2) Traditional Food
Mesa de los Santos is about an hour outside of Bucaramanga and a popular weekend spot for local families. Right next to the canyon, you can find the mercado campesino, a huge food market with all the classic hits like chicha (a fermented corn drink) and hormigas culonas (fried ants.)
You can find chicha in many other parts of South America, but the Colombian version has quite a strong fermented flavor and is often made the traditional way, by people chewing up corn and spitting it into a pot. I can’t say it’s the most refreshing drink, but you can also get a cold cerveza with lime juice michelada to wash away the taste.
Santander is famous for its fried ants, which they also export around the country and are often sold on the streets in Bogota. It may not sound like the most appealing snack, but personally I’m a big fan. They have a nice crunch, kind of like popcorn, and an interesting smokey flavor. Highly recommended local dining.
3) Colonial Towns
Throughout the countryside of Santander, you can find some of the most beautiful towns in the country. Barichara is famous for its colonial style architecture, canyon views, and locally run boutiques and restaurants. Other nearby towns like Curiti and Zapatoca have a similar small-town vibe and make for a relaxing weekend away.
If you’re looking for more of an adventure, one of my favorite experiences in Colombia was walking the Camino Real, a 30-mile trek between six different towns. The trail is far from well-marked and my directions were typed into a poorly translated document, but half the fun was in the challenge. I met farmers working in the fields, hitched a ride on someone’s motorcycle, and spooked some goats hanging out in the road. It was a great way to see the country and explore some places that were quite literally off the beaten path.
Coming from puritanical Boston where most bars close by 2am, I was not prepared for the crazy Colombian nightlife. If the sun hasn’t come up by the time you leave, then you’re going home too early. And for Colombians, it’s not a real party unless you’re spending the night dancing bachata, salsa, and vallenato. I’m not a great dancer, but I love when a classic bachata song comes on and everyone grabs a partner. They all seem to know the steps without even thinking from years of dancing with their abuelas and tios at family parties. Learning to dance is just a regular part of growing up in Colombia.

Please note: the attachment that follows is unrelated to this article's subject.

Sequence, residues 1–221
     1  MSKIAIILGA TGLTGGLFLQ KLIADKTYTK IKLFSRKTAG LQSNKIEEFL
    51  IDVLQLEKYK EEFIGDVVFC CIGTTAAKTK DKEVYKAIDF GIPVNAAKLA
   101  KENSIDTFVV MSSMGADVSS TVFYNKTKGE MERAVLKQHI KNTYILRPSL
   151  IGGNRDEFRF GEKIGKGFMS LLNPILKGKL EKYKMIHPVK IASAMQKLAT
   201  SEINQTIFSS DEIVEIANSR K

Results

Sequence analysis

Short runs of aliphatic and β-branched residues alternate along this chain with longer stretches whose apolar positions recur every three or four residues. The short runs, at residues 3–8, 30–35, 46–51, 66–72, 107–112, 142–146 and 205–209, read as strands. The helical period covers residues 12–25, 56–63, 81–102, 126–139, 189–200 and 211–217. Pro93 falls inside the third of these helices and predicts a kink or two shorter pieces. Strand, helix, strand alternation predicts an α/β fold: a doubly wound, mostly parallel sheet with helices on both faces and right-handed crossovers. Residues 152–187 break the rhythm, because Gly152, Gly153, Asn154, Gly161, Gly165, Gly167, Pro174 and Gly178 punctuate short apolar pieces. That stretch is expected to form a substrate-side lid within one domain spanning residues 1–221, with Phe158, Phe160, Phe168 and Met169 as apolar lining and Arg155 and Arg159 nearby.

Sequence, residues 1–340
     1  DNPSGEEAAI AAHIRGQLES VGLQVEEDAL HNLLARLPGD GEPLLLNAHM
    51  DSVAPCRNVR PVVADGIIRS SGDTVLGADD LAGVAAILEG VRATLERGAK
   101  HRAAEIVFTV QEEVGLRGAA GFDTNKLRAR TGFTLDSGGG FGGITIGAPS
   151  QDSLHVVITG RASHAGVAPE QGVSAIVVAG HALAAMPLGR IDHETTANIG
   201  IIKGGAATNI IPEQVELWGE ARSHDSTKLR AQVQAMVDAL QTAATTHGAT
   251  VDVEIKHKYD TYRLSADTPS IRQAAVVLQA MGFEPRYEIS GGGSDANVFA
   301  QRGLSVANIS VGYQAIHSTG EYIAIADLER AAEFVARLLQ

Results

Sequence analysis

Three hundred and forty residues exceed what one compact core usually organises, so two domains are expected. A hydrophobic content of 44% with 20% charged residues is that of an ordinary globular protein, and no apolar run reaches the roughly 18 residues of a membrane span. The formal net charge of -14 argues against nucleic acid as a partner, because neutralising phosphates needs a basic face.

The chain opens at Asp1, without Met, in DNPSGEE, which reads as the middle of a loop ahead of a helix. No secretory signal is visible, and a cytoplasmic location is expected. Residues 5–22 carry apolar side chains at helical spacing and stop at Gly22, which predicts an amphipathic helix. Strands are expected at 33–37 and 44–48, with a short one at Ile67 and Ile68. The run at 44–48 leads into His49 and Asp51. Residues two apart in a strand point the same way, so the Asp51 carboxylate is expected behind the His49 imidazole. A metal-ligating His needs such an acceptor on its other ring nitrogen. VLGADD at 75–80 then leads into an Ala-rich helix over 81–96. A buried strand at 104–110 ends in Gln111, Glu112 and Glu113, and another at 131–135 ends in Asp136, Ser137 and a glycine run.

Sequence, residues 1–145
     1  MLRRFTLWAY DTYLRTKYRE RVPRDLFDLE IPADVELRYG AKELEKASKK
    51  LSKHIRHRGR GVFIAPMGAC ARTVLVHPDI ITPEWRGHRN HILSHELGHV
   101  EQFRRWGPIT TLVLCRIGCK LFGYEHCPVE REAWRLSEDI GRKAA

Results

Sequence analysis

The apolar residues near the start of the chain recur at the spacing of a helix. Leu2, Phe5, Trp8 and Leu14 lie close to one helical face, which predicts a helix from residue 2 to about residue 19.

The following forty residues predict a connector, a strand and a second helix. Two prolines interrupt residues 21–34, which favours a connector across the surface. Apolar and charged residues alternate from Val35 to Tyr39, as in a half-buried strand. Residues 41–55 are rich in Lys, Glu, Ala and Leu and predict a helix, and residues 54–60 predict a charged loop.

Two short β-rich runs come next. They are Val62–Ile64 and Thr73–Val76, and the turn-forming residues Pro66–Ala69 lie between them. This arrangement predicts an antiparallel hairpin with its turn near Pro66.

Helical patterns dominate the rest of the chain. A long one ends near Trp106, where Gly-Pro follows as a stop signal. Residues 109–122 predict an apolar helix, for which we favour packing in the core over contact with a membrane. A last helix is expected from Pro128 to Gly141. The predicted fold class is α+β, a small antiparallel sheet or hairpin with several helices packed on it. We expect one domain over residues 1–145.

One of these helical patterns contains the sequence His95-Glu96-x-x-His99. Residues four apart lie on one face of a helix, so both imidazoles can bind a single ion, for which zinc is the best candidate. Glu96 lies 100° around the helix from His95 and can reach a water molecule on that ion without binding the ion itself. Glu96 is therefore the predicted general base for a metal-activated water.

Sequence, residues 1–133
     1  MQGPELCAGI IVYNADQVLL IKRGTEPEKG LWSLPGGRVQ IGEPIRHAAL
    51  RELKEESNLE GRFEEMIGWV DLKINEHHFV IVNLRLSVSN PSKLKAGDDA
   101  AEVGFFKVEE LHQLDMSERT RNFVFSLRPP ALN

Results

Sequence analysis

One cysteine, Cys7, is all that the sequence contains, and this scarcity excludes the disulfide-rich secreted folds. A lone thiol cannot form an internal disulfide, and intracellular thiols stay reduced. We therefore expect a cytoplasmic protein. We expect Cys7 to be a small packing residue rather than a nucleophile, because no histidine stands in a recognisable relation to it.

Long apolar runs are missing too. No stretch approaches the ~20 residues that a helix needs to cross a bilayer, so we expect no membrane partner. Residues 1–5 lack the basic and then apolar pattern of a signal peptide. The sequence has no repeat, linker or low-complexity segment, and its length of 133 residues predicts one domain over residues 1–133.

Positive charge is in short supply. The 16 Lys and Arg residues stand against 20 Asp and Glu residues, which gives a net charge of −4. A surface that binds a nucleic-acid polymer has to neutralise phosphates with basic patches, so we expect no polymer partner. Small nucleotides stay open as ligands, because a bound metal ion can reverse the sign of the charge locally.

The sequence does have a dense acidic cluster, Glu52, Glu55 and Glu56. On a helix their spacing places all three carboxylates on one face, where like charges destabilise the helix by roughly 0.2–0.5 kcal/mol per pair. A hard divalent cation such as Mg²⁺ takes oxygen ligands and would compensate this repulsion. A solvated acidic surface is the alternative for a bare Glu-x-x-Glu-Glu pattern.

Cali is especially famous for salsa clubs and some of my favorite memories of nights out happened there, whirling around the dance floor even though I don’t really know what I’m doing in between watching the pros show off some truly fantastic moves.
People say that the carnival in Barranquilla rivals that of the famous Rio de Janeiro. I’ve never been to Brazil, so I can’t say if that’s true, but I do know that I had a blast when I went to the Carnaval de Barranquilla last year. Dancing in the street, crazy costumes, and aguardiente all day long. Just make sure you don’t wear anything too precious because you’re guaranteed to end up covered in foam, flour, and who knows what else.
Another lesser-known event is the Festival de Cumbia in Banco de la Magdalena. It’s a tiny town on the Magdalena river, located a couple hours away from the coast. Very few foreigners go, and I probably never would have heard of it, but a friend whose family lives there invited me to check it out and it ended up being one of my most memorable trips of the year. The weekend was full of different events, including concerts, dance shows, and song-writing competitions, and watching the sunset over the river was truly spectacular.
From hikes to festivals, there are a million fascinating experiences in Colombia just waiting to be had, so don’t let them go on without you!
Never one for 5-year plans, Rebecca graduated with a communications degree and no idea what to do with it (or rather, too many ideas what to do with it). A month after throwing her cap in the air, she boarded a plane to begin teaching in Peru, and later Colombia. Read more about Rebecca.